Although transcutaneous electrical nerve stimulation (TENS) is not strictly speaking acupuncture, there is a good deal of overlapping with acupuncture and probably some common ground in the ways they work. TENS is primarily used for the relief of pain although it can be used in other circumstances also. TENS machines put out pulsed current at rates of about 15 to 150 Hz through electrodes. The optimal rate is usually around 80 Hz. Other variables are the duration of the pulse (fixed in many machines), the amplitude of the current, and of course the placement of the electrodes. Electrodes are usually placed (a) on either side of the painful area, (b) over a main nerve leading to the painful area, (c) on the spine one or two spinal segments above the affected dermatome, or (d) over TPs.
It’s important to make sure that patients give TENS a proper trial and understand clearly how to use the machine. They must be able to feel the stimulation, which causes a tingling feeling which, however, is usually felt only at one of the two electrodes. The nervous system adapts quickly to the stimulus and therefore the amplitude of the current has to be increased after a few minutes’ use.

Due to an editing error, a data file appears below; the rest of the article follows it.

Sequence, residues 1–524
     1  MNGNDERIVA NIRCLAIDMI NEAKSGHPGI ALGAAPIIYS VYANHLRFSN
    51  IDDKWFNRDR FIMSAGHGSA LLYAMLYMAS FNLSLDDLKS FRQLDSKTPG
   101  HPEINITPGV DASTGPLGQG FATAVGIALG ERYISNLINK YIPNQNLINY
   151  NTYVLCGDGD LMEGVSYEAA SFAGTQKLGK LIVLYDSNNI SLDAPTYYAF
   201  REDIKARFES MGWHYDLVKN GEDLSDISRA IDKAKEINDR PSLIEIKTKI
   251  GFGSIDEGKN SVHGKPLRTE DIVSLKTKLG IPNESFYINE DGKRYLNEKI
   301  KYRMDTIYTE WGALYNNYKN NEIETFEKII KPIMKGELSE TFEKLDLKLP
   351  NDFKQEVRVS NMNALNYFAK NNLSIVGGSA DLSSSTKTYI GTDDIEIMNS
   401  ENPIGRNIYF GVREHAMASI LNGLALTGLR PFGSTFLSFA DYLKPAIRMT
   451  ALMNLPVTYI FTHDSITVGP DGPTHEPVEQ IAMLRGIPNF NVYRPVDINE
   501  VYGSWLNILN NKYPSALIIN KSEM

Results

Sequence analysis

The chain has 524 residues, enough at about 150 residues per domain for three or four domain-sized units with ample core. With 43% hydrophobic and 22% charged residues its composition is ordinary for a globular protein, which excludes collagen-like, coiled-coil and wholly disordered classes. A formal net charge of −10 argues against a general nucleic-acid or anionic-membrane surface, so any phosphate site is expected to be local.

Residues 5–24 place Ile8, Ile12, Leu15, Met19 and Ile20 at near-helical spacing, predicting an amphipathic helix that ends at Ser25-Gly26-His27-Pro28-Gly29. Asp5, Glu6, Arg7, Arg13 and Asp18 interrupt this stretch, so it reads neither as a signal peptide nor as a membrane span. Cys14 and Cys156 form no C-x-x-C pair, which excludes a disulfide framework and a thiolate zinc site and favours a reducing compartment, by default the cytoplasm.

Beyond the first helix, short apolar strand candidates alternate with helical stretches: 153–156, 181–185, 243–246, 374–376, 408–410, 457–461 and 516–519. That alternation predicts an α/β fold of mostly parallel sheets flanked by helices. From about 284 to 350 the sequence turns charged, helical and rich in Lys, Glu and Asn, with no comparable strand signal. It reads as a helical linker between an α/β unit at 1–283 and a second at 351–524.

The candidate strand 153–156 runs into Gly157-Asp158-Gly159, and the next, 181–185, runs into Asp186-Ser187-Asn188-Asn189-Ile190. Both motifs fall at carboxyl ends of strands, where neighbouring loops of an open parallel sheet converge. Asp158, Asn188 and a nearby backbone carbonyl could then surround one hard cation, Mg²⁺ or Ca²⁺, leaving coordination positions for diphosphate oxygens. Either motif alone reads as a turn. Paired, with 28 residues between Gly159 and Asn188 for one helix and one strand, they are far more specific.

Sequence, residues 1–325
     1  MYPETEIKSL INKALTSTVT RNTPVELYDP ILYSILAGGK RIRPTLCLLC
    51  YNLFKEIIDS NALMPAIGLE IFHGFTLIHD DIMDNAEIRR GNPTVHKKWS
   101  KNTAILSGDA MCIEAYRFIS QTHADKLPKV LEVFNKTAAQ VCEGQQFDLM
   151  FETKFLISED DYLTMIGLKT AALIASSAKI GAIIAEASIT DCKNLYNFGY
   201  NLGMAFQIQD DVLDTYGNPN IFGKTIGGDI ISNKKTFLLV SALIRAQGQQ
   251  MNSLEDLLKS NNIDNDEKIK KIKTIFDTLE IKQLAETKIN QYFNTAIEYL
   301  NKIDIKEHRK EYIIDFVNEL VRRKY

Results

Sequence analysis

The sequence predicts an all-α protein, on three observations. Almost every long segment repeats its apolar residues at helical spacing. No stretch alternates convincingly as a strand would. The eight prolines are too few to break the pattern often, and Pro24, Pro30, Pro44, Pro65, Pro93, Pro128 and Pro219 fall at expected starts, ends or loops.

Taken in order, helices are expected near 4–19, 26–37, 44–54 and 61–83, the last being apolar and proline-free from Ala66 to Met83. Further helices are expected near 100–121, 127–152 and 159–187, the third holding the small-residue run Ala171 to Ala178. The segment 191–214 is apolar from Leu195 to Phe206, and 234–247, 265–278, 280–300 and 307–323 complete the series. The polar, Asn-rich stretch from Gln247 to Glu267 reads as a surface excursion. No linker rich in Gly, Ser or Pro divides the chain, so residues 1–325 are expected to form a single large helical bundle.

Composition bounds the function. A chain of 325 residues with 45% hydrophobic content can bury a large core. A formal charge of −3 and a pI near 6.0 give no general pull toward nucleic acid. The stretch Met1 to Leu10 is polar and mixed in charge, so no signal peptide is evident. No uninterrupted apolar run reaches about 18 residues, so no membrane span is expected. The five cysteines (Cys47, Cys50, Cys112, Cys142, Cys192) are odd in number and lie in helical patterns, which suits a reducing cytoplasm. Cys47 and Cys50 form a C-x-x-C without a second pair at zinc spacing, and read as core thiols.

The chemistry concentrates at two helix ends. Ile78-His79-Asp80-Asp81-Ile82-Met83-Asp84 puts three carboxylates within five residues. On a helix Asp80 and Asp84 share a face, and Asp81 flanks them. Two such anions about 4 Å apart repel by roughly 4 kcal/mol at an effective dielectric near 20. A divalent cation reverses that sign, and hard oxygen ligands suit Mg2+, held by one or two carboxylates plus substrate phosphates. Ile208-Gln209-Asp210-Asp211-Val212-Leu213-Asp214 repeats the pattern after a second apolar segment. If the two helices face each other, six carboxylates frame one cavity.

Acupuncture and TENS are to a certain extent interchangeable, but some patients who respond to acupuncture don’t respond to TENS and vice versa. TENS can be tried for any kind of pain, including low back pain back pain, osteoarthritis, post-herpetic neuralgia, peripheral nerve injury, phantom limb pain, stump pain and unexplained abdominal pain. It and non-invasive. However, it generally gives relief only as long as it is switched on, and patients have to be prepared to buy the machine (currently about £100) since there is no NHS means of supplying them.
TENS should be avoided in patients with a demand pacemaker implanted because of the theoretical danger that it could trigger the pacemaker, and electrodes should not be placed over the carotid sinus because of the possibility of raising blood pressure. A few patients become sensitized to the rubber of which the electrodes are generally made; various new kinds of electrodes are now available, at increased cost.